FILM OF THE WEEK
Daniel Deadwyler delivers one of the best performances of the year as Mamie Till-Modley in this powerful true story under Chinonye Chukwu’s impeccable direction. Following her remarkable CLEMENCY, Chukwu cements her reputation as one of the most exciting new directors working in cinema today.
TILL arrives in cinemas via the recent London Film Festival and is based on the 2005 documentary THE UNTOLD STORY OF EMMETTT LOUIS TILL. Emmett (Jalyn Hall) is a happy 14-year-old and is thrilled to be able to travel with his mother’s blessing to Mississippi in order to spend some time with his relatives. But his brief stay with his family turns into a living nightmare when he is kidnapped by a punch of white supremacists for apparently harassing Carolyn Bryant (Haley Bennett), a white woman working at a grocery store…
It is a shocking story about racism and a mother’s determination to bring those responsible for her son’s murder to justice. Deadwyler is a striking, dignified presence and gives it all she’s got as the grieving mother forced by circumstances to dedicate her whole existence to the civil rights movement. The trial becomes a fiasco where nobody even key witness Bryant talk about everything but the truth.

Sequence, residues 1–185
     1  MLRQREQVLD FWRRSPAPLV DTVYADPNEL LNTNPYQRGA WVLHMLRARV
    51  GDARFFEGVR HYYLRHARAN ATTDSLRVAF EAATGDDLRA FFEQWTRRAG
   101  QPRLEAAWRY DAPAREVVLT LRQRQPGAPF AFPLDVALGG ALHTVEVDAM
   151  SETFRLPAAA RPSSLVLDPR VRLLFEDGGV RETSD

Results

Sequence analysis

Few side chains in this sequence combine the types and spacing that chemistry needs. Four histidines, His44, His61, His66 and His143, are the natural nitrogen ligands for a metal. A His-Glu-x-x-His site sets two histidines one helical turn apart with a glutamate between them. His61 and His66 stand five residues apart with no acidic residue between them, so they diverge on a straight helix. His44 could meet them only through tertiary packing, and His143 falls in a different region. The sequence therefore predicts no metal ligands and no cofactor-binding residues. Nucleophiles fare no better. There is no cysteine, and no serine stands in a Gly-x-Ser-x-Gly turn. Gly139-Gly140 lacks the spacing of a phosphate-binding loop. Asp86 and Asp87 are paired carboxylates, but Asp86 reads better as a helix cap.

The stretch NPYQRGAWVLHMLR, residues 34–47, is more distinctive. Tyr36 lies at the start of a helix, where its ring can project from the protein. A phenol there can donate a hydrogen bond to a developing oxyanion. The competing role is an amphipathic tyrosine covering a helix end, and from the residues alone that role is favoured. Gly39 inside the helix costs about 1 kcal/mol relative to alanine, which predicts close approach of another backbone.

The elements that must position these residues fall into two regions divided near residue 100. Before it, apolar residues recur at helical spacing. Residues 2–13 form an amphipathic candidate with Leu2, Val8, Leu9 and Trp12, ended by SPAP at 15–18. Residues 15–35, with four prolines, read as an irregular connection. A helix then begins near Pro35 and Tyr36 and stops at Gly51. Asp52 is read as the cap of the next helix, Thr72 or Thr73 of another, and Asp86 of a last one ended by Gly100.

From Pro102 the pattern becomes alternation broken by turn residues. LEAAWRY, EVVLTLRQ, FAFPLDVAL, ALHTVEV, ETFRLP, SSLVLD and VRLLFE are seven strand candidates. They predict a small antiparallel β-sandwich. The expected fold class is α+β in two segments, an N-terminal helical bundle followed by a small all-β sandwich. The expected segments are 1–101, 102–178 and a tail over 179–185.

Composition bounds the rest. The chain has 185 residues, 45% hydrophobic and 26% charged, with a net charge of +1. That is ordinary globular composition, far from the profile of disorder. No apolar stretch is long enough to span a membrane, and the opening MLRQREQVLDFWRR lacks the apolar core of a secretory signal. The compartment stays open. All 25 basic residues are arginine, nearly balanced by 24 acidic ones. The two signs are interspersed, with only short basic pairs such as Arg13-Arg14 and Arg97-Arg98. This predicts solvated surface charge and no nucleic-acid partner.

An essential, powerful film worth seeing just for Deadwyler’s monumental performance alone!
A MAN CALLED OTTO
Tom Hanks plats Otto in this Hollywood remake of the Swedish dark comedy A MAN CALLED OVE made in 2015. The action moves from Sweden to North America, where Otto is now the bad-tempered recluse, the real misery guts of this story whose heart begins to melt when a bubbly, loving Mexican family moves next door…
I loved the original and was genuinely moved by its story. Marc Foster directs efficiently this version which boasts many flashback sequences that paint a clear picture of Otto’s background especially when he first falls in love with his wife. Hanks’ son Truman plays the young Otto with charming innocence before the character turns into a deeply annoying human being. Tom Hanks abandons his goody good image and is suitably grumpy. Worth seeing but not as moving as the original!